Chelsea Manning

Prosecution's Closing: Bradley Manning Wanted Attention

Wanted to make a name for himself


FORT MEADE, Md. (AP) — U.S. Army Pfc. Bradley Manning betrayed his country's trust and spilled government secrets to make a name for himself, and he knew the material would be seen by al-Qaida, including its former leader Osama bin Laden, prosecutors said Thursday in closing arguments.

Maj. Ashden Fein said Manning abused his trust as an intelligence analyst in Iraq and was not the troubled and naive soldier defense attorneys have made him about to be. Fein displayed a smiling photo of Manning from 2010 — about the time he gave sensitive material to WikiLeaks — and said "this is a gleeful, grinning Pfc. Manning" who sent battlefield reports to WikiLeaks, accompanied by the message: "Have a good day."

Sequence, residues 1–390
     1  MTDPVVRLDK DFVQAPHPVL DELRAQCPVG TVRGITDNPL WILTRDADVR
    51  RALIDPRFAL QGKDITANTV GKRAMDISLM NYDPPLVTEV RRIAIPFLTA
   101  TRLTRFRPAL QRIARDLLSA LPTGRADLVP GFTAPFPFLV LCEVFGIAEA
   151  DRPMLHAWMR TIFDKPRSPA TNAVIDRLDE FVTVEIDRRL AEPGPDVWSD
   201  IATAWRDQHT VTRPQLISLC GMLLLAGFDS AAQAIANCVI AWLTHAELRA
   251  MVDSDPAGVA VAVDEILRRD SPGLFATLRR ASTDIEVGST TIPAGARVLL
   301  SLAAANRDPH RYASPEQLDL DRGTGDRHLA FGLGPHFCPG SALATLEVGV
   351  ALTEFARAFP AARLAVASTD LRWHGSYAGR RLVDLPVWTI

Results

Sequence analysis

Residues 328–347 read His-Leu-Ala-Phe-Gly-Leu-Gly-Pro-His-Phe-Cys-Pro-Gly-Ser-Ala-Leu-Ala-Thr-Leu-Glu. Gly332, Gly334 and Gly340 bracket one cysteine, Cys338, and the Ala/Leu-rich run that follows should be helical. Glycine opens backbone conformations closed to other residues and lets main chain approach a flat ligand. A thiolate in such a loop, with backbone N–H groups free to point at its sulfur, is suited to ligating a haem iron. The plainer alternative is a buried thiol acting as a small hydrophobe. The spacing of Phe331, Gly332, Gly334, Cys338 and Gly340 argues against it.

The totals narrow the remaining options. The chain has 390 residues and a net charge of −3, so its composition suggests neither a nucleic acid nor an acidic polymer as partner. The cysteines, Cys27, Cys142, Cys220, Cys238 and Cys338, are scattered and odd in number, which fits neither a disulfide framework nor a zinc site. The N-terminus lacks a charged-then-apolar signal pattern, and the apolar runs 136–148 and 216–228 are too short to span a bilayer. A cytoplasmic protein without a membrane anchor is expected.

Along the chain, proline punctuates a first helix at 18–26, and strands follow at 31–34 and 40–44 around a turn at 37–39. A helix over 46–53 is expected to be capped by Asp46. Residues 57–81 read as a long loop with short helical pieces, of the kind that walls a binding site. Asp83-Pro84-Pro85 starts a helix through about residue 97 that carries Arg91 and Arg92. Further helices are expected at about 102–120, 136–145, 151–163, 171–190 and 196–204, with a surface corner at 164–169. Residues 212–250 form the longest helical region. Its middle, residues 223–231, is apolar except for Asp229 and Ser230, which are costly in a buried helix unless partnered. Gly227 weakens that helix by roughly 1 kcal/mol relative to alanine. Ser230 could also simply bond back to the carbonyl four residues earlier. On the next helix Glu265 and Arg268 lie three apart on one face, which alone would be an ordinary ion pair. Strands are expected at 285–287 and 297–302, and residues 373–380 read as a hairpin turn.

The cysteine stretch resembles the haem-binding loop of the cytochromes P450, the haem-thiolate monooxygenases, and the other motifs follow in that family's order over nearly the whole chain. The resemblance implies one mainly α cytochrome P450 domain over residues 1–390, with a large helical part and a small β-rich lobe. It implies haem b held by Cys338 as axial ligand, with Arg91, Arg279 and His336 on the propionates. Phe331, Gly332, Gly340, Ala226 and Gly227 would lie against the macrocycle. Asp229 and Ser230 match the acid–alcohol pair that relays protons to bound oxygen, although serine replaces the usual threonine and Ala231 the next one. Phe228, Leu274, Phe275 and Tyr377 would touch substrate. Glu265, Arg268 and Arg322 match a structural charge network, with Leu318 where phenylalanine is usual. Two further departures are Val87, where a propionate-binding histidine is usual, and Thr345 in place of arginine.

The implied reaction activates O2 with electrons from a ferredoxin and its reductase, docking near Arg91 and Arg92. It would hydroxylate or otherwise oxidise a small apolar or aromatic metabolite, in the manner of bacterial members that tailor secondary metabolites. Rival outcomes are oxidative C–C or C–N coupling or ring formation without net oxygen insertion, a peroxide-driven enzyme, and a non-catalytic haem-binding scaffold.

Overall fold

Manning is charged with aiding the enemy, which carries a possible sentence of up to life in prison. His defense attorneys have argued there was no evidence he knew al-Qaida looked specifically at the anti-secrecy website.